Tech Tuesday – Parallels

I’m a long time Mac user. Most of the time I prefer to work in the Apple environment. But many times I’m the only Mac user in the church I’m serving. That happens to be true in Sioux City as well. So when you are the only Mac user you often have to find ways to fit in with those poor lost souls who are running Windows. 😉

One of the biggest problems is dealing with pieces of software that only have a Windows version. This problem is much smaller than it used to be with Mac OS versions of Microsoft Office available which saves to the same file formats as the PC does. But you still have to deal with the frustration that the two office suites are not the same. If a windows user sends a Mac user Publisher file often you cannot do a thing with them.

So, when you are in a mixed OS office what is the solution? Well one of the best solutions out there is to run a system emulator such as Parallels or VMWare Fusion. (Parallels is my personal favorite.)

Parallels allows you to run Windows 10 and Windows programs at the very same time you are running Mac OS X and Mac apps. You can run the Windows in a separate window, or you can run both at the same time in what is called “coherence mode.”

In coherence mode you run windows programs and apps right on top of the Mac desktop as if they are Mac OS X programs. So what can you do with this? Well, right now I am using the PC version of MS Office which allows me to use Publisher and all the PC centric software that Microsoft intentionally make more function for PCs than Macs.

Take a look at the screen shot from my Mac. (Mac users, try not to get queazy as you look at Microsoft Edge running right on my desktop. 🙂  )

Screenshot 2016-08-23 14.29.04

By having Chrome, Windows Explorer, Edge, and Safari, etc. I am able to test our church website or my blog in multiple browsers to see how it looks.

If you need both Mac OS X and Windows, Parallels is a great solution!

 

Tech Tuesday

macbook-pro-with-bad-creditOn Tuesday’s I’m going to be sharing with you about some area of technology related to the Church.

I thought I’d start by sharing with software that I use in ministry and find useful in my daily work as a pastor. Some of these are iPhone or iPad applications and other are for Mac or Windows computing platforms.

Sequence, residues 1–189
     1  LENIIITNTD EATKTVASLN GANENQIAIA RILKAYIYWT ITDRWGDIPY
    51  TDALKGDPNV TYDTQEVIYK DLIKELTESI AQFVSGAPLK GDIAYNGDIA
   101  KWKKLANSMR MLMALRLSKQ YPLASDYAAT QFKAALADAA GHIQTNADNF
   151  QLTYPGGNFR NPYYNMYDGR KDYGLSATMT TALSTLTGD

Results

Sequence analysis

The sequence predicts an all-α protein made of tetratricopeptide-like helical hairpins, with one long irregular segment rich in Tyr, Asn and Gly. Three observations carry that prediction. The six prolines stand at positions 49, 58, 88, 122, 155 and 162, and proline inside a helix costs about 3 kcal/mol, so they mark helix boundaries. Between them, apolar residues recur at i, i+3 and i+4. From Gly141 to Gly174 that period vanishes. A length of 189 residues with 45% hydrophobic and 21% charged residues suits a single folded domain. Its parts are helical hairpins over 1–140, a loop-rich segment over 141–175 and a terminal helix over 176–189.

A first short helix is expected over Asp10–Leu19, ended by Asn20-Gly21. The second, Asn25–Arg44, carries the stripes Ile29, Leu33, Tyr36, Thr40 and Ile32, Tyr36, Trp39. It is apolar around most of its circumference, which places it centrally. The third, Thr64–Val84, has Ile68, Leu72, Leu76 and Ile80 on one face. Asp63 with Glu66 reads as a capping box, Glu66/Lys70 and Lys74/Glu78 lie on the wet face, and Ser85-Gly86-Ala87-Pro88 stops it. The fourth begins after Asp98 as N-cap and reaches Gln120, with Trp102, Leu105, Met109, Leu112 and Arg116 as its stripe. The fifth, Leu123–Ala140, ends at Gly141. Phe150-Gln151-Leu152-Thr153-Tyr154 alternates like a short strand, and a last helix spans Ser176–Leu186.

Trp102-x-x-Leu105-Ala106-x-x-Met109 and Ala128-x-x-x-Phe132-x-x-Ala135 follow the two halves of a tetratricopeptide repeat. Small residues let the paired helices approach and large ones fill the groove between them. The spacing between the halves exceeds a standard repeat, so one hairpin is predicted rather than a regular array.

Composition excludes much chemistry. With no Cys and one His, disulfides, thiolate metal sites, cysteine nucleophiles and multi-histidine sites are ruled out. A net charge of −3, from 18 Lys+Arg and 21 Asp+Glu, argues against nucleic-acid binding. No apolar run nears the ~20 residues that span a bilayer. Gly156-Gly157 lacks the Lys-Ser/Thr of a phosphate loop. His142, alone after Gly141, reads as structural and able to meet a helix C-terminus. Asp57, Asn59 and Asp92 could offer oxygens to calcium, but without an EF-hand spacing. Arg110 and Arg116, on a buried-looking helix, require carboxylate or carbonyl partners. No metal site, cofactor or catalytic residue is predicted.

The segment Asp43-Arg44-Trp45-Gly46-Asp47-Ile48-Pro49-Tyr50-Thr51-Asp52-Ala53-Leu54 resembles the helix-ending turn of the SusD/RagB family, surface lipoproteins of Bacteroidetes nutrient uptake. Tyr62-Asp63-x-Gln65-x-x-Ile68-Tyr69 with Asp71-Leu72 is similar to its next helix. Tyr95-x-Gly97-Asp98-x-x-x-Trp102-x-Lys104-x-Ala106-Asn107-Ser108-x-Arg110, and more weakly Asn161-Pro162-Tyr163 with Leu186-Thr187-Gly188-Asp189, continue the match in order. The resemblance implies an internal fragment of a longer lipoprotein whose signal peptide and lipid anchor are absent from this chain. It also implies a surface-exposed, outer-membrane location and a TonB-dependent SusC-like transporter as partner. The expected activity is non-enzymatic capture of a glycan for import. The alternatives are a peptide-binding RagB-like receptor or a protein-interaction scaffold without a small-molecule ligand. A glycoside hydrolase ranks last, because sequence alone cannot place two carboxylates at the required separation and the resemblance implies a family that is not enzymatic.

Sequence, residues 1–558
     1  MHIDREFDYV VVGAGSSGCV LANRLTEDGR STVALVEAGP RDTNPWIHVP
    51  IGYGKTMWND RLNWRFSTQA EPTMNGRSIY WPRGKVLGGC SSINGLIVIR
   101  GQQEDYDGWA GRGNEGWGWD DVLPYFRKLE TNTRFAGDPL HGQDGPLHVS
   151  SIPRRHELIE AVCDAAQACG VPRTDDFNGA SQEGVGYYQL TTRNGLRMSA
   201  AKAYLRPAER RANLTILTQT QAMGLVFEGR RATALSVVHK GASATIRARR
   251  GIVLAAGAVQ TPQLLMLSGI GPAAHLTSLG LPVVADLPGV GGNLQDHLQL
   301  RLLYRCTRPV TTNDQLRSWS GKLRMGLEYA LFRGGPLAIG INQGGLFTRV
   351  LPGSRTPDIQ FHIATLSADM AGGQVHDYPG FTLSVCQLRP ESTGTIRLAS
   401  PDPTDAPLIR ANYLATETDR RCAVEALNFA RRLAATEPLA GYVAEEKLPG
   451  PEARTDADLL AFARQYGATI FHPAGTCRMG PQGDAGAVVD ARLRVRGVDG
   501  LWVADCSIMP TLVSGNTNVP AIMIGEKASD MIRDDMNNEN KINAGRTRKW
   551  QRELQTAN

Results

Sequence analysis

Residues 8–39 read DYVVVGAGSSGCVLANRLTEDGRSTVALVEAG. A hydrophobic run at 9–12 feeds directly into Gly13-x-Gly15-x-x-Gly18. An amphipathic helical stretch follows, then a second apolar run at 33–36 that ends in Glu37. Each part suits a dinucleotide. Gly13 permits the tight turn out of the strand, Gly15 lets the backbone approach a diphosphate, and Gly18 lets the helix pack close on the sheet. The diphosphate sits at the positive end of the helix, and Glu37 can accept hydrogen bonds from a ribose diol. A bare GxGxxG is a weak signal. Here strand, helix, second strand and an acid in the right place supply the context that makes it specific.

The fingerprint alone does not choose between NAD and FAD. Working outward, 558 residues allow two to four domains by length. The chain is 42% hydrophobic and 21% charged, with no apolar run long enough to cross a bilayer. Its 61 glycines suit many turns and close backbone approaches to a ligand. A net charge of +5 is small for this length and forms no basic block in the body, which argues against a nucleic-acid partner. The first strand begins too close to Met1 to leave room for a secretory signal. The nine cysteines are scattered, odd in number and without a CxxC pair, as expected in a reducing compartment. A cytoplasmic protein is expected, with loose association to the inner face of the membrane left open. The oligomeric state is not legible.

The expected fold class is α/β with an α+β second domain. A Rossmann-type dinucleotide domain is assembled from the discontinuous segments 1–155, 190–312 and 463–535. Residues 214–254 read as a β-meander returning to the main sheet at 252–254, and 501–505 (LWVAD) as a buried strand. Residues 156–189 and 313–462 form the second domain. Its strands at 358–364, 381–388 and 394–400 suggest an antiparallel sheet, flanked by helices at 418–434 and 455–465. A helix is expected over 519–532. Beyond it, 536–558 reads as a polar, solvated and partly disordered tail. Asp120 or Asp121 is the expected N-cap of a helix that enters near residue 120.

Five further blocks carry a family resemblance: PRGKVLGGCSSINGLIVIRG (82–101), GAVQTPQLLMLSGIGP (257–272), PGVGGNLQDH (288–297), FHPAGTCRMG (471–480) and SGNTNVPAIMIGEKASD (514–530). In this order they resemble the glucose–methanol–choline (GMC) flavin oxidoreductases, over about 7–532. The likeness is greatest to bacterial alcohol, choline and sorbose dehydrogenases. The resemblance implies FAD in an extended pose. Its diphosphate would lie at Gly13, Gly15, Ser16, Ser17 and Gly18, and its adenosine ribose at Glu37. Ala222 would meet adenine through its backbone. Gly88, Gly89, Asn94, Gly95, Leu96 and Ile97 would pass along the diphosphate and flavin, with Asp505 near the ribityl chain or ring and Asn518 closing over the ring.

While I’m a dedicated Mac user I have a Microsoft Office 365 subscription because MS Office has pretty much become the standard set of programs for word processing and spreadsheets. If you send someone a Word document they almost always can read it. Also, Microsoft does now have a pretty nice version of Word that I use regularly on my iPad Pro.

On my iPad or iPhone I also use the OliveTree Bible app. While a lot of the material that OliveTree sells is from a definite conservative/evangelical slant, they have Bible versions including NRSV and the new Common English Bible. They also have available the Wesley Study Bible notes that can be used with any of the translations. If you took Greek in seminary you can get the New Testament in Koine Greek as well.

For email on my iPad and iPhone I use the Microsoft Outlook app primarily because it works so very well with gmail and allows you to schedule emails to reappear at a given day or time to serve as a reminder to respond. You can have your email come back later in the day, tomorrow, next week or whenever you decide.

I use a mileage app called “Trip Cubby” to keep track of my business mileage. And I find Dropbox to be an invaluable resource for file sharing between devices and other individuals. It is the fastest syncing of the different cloud applications out there.

As far as web resources go, if you are a lectionary preacher, I’d check out umcdiscipleship.org and textweek.com for many helpful links.

 

Techie Time Saver

This blog isn’t about technlogy.  But as a middle aged techie, I realize that we use technology in church much more than we did when I started pastoring almost 25 years ago. So I am going to write some articles about using technology in ministry, how it can help, some pitfalls, and some tips.

One of those ubiquitous technologies is email.  Most everyone has email now.  In my church most meeting minutes, scheduling, committee communication, and interoffice communication is via email.

I’m one of those Americans who is tethered to my iPhone so if someone emails me I receive that email within minutes.  So what is the problem?

Most of the email I receive is either garbage (advertising, etc.) or items such as newsletters that I really don’t need to see right away and that I really don’t need to be interrupted by.  But I keep close tabs on my email so that I do get important email from church members, colleagues, and family.  So the problem is then, how do you use email effectively and not waste huge amounts of time?

One solution is message filtering.  You can do a lot of work in your email client to filter email into categories, but that takes a lot of time, and for some people is too complicated.

One solution on the iPhone are programs like Mailbox.app, a mail program that basically allows you to triage your email and have important email return to your inbox at predetermined times.  Boxer.app also does similar kinds of sorting of email. I am currently using Boxer on my iPhone and iPad for email. I wish it had a Mac client.